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June 5, 2020

Shaky jobs data muddies COVID-19, Great Recession comparisons

Photo | Wikipedia The U.S. Department of Labor is based in Washington, D.C.

Connecticut was the only state in the country whose April unemployment rate didn’t exceed its peak jobless rate from the last recession, but only if you can trust the numbers.

A newly released analysis of jobless rates by ratings agency Kroll found the distinction: Connecticut’s 7.9% unemployment rate in April remained below the state’s 2008 financial crisis peak rate of 9.3%, recorded in the final two months of 2010.

“This is particularly remarkable given that Connecticut’s unemployment rate was closer to the national average during the Great Recession,” the report said.

Whether or not Connecticut is actually remarkable will be borne out as more state-level economic data is released, including May’s unemployment numbers later this month.

Connecticut’s Department of Labor has called the April numbers unreliable because there were errors in the federal government’s household survey that’s used to calculate unemployment rates. For example, temporarily laid off workers were misclassified, leading to a likely understating of joblessness for the month.

The DOL estimates that Connecticut’s actual unemployment rate for April was in the range of 17.5% -- nearly double its prior peak.

The federal DOL has acknowledged the errors, saying the misclassification affected all states to at least some degree, but there was no immediate correction to the state-level jobless rates, which will be revised later based on additional information.

The Kroll report’s author, William Cox, global head of corporate, financial and government ratings, said in an interview Friday that the survey errors presented a challenge. He said the state-by-state comparison is an attempt to use available data to identify patterns that may be emerging during the ongoing crisis.

"I think we've all learned a lot in this process about what sudden shocks to the economy can do to a lot of these processes and systems that create the data,” Cox said.

For now, the official numbers say that every other state’s unemployment rate in April was above their prior Great Recession peaks, some significantly so.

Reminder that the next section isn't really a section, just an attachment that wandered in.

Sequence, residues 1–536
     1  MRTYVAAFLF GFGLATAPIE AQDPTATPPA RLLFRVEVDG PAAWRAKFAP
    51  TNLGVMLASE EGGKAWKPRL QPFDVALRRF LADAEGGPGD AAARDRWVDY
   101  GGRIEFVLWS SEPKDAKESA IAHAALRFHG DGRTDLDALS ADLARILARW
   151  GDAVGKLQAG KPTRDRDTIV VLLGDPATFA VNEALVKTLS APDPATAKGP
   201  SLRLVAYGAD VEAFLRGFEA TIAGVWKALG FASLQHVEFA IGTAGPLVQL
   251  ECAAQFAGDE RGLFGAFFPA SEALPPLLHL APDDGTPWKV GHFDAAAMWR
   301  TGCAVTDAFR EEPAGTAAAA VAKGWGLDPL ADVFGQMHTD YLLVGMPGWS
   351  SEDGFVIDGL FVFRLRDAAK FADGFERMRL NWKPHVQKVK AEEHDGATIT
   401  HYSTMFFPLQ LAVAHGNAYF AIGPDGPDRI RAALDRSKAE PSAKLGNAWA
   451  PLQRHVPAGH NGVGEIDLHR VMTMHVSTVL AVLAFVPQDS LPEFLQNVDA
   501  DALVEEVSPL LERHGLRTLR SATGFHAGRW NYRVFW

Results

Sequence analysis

For example, with unemployment rates of 28.2% and 22.7%, respectively, Nevada and Michigan in April were far above their Great Recession highs of 13.7% and 14.6%.

Kroll said the data “reveal wide differences in the timing and magnitude of unemployment levels on the state level” and indicate that Great Recession unemployment trends may not match what happens in the current recession brought on by the COVID-19 coronavirus.

If the household survey errors understated April unemployment in multiple states, it’s not entirely clear why only Connecticut’s rate was low enough to remain beneath its Great Recession peak.

Andy Condon, director of the Office of Research at the Connecticut Department of Labor.

Connecticut DOL research director Andrew Condon said Friday that he believes the survey errors, in addition to challenges attaining an adequate sample size of households due to surveyors not being able knock on doors like they normally would, were more severe in Connecticut than other states.

“It wasn’t equally dispersed,” Condon said. “We got more than our share of misclassifications in Connecticut, and it doesn’t take that many to affect the numbers.”

He doesn’t think comparing the April numbers across states is particularly useful, as a result.

The bad news is that May’s state-level jobs numbers are expected to suffer from similar problems, Condon said, making it difficult to accurately gauge COVID-19’s impacts on the economy. He expects the problems will be fixed in the coming months, allowing for a more accurate picture to emerge out of year-end job data revisions.

[Read more: America's unemployment rate falls to 13.3% as economy posts surprise job gains]

Besides survey problems, Connecticut’s status as an outlier in the April data could be related to delays in processing jobless claims, Kroll said, noting a mismatch between Connecticut’s claims activity and its official unemployment rate. However, some other states also had those mismatches, such as Kentucky and Georgia, and correlating claims and unemployment rates is not an exact science, the report acknowledged.

“It is unknown at this point whether Connecticut’s relatively modest unemployment will stay intact, or if the gap will close as jobless claim numbers catch up with other states,” the report said. “In KBRA’s opinion, claims data indicate the latter could be true, although differences in data timing and sources make a direct correlation of claims rates to unemployment rates difficult to establish.”

Regardless of the picture in April, Connecticut officials have noted a recent slowdown in weekly unemployment claims, though they remain at record highs.

As Condon wrote in his April jobs report, the looming question now is how many of the state’s lost jobs will come back as public safety permits, and how many of them are gone for good?

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